In case you had not noticed, the classic car scene is vibrant at the moment, with previous market duffers attracting sky-high valuations, reports Iain Robertson, which leads him to ask when it is all going to end?
Trying to avoid the negative vibes is actually quite difficult, when you look back at the history of car valuations. Let’s face it, the classic car scene has been in flux for many years, having only been instigated in reality during the mid-1970s, when collectors realised that a lot of older makes and models were disappearing faster than the rust pools surrounding their remnants.
In the mad-1980s, the era of the speculator, some truly amazing, telephone number prices were being posited at car auctions world-wide, with certain Ferraris and Bugattis hitting prices in excess of £10m. Yet, more mundane machinery, while kindling interest in the collectible sector, was either worthless, or flat-lining at best. The Japanese brands, with the notable exception of the infamous 1969 Toyota 2000GT, which hit a peak in 2015, when an example sold for £1.2m, although prices have settled at around £790,000, were also-rans in speculators’ eyes.
Although the market had stabilised at somewhat lower levels by the late-1990s, with Mark Two Jaguars having tumbled in value as a marker-post, race, rally and limited-run models generated a new class of adventurous ‘sniffer’. The escalation in their values rose steadily until the economic ‘crash’ of 2008, at which time they levelled-out momentarily but continued in an upwards progression until around three, or four years ago, when values raced ahead.
While provenance, which consists of supporting paperwork, imagery, signatures and official documentation, remains a priority, it does appear as though anything possessing even the merest whiff of a competition history can start to command silly money at sell-off time. In fact, even replicas seem to be able to hold their own in the sales rooms and the era of the classic Jap is very much upon us, with inevitable attractions like the 1971 Datsun 240Z changing hands for upwards of £30,000, a bog-standard 1976 Toyota Celica topping £8,000 and 1999 Mazda MX5s still commanding £8,500. A good condition, 2004 Subaru Impreza WRX STi was blocked at £15,400 at CCA.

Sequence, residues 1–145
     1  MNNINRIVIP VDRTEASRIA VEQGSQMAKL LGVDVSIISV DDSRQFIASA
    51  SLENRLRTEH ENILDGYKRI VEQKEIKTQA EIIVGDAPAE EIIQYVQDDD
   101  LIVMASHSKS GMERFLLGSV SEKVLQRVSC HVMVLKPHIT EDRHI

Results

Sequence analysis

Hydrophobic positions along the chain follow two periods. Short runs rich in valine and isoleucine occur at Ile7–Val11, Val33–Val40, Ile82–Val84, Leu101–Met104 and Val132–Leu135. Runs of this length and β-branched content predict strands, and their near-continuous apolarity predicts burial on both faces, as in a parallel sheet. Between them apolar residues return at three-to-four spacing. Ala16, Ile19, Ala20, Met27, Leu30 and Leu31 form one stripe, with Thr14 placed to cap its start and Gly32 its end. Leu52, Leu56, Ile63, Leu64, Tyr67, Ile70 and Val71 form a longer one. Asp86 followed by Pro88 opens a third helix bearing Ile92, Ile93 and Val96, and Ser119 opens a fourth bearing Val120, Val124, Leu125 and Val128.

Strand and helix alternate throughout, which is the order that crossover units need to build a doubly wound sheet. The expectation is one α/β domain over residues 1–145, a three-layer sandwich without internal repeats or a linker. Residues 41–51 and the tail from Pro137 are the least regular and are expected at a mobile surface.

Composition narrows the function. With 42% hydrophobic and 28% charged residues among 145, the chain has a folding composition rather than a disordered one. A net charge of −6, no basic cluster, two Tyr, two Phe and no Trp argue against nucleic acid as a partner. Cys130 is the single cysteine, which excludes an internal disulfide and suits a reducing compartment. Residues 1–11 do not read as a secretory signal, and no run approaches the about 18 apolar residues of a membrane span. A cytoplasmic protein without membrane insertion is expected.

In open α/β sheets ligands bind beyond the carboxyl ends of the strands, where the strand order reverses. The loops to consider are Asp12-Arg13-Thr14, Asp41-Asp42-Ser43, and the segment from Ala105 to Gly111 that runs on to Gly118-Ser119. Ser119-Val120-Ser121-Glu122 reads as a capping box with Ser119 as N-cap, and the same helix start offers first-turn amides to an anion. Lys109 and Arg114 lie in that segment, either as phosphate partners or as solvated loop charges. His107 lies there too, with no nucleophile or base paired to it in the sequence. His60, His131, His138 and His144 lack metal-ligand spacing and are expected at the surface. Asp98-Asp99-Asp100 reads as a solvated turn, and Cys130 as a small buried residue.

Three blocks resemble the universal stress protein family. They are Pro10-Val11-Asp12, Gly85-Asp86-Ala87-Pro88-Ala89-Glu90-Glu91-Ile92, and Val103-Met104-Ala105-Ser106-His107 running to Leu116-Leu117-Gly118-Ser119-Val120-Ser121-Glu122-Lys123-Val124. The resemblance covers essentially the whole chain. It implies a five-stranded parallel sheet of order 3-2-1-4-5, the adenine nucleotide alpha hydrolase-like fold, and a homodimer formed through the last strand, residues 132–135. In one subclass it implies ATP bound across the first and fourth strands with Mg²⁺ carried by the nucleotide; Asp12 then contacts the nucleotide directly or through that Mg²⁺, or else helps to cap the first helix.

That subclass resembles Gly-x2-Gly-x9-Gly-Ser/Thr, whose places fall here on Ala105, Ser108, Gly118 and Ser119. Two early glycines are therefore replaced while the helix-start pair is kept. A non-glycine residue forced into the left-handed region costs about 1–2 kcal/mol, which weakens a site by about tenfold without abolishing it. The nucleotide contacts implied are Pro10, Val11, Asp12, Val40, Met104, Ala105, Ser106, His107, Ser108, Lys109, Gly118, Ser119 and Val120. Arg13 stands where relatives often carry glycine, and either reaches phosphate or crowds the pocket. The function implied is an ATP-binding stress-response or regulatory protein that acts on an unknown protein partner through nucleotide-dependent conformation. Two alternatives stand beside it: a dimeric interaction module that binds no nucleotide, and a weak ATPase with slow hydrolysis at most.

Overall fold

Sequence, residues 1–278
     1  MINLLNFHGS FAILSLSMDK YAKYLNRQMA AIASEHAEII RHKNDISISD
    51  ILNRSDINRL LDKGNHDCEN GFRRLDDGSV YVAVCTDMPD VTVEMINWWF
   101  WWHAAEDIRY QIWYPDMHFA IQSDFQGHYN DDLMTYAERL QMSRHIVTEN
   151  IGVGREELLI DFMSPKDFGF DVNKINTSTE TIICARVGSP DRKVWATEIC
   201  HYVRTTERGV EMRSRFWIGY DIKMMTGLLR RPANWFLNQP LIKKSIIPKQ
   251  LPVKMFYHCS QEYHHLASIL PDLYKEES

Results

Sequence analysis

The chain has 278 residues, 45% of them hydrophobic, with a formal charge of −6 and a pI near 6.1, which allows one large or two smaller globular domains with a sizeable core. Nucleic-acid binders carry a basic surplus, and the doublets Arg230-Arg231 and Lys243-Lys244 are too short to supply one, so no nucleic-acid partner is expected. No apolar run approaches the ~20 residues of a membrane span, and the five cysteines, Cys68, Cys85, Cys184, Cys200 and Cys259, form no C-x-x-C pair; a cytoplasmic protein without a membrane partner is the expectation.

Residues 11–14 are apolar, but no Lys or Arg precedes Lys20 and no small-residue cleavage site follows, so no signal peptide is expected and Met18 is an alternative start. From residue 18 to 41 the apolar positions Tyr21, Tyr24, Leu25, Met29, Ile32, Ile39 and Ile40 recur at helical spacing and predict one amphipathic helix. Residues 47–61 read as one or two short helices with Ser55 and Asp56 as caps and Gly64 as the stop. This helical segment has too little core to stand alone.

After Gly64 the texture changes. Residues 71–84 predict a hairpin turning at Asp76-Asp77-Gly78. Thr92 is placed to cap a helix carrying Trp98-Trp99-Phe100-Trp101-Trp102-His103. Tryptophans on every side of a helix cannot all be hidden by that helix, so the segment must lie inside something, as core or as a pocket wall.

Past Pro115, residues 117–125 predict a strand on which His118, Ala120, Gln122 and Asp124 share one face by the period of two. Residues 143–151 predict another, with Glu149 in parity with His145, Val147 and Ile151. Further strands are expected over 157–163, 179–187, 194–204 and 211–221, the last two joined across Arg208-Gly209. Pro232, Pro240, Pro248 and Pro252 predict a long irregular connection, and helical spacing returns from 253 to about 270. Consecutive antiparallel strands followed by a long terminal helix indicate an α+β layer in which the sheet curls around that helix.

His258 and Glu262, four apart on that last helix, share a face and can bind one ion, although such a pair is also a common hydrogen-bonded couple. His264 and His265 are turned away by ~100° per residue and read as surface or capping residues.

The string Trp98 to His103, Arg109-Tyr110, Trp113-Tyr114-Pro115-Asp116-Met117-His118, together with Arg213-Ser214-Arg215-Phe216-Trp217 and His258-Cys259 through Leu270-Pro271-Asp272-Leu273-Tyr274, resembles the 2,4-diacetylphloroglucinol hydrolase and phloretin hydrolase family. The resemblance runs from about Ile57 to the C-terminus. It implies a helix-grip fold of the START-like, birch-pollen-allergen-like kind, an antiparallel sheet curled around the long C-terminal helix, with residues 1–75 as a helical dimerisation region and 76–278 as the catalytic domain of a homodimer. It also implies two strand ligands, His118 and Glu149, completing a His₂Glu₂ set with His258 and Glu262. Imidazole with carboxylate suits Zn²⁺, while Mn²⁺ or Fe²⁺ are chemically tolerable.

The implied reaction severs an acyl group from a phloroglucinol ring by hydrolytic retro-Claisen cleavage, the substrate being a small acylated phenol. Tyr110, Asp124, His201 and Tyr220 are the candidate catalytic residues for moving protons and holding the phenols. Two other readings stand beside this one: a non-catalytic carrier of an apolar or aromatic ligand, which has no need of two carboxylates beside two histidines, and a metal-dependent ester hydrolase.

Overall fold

Just reflecting on the former race and rally examples, Ford has always been able to hold its own on the collectible front, aided without a shadow of doubt by the influence of the RS Owners Club, which does put many of the inherently parochial Subaru clubs to shame. It is a great pity, of course, as the Impreza remains the winningest of all rally cars and one might have thought that a Subaru-sanctioned but privately-funded bunch of enthusiasts would have taken a grander overview, especially of the classic scene. It is not the case and honouring the brand does seem to be the remit of companies like Scoobyclinic, especially as importer, IM Group plc, shows zero signs of interest.
While the XR3s and RS Turbos continue to climb the value ladder, it is worth noting that Bonhams auctioned a clean 1968 Escort Mark One Twincam racer for an astronomical £203,100 in April. Put into perspective, at the same auction, a 1957 Jaguar 3.4-litre Mark One possessing some rally history took the gavel at £189,660 and a 1997 Subaru Impreza 22B STi prototype managed to attain a fantastic £113,500. On the other hand, a Japanese imported, 2000 Mitsubishi Lancer Evo VI Tommi Makinen mustered a mere £13,970 at CCA.
Of course, there is a bottom-line to all of this and it needs to be preceded with a vital disclaimer….the prices of classic cars can fluctuate, so do not bank on them! Yet, the classic car market has been largely unaffected by Brexit, or the political upset that has existed in the UK since 2008. While that is not to say that values will not plummet in the near future and there are several signposts of greater austerity that are being raised at the moment, prices continue to move upwards and they drag some form of ‘stability’ with them.
Of course, Scoobyclinic is in an ideal place, not just in geographic terms. It has amassed more spares and running gear than any other so-called Subaru specialist in the UK. Apart from being able to service owners’ cars better than the franchised outlets can, it can also carry out body repairs, restoration and paintwork to the highest show standards and comprehensive renovation projects are very much part of its remit.
While the renovation of some piles of rot might be simply ‘uneconomical’, Scoobyclinic will be able to inform you if something that looks like a dog’s dinner can be turned into a show-winning prince. It all depends on your available budget but, as long as Subaru prices remain on the up escalator, obtaining the classic car that you perhaps had not appreciated was existing on your driveway, or in the garage, could be an economic reality.
To find out more, call Scoobyclinic and receive a frank appraisal and honest quotation.
Words: Iain Robertson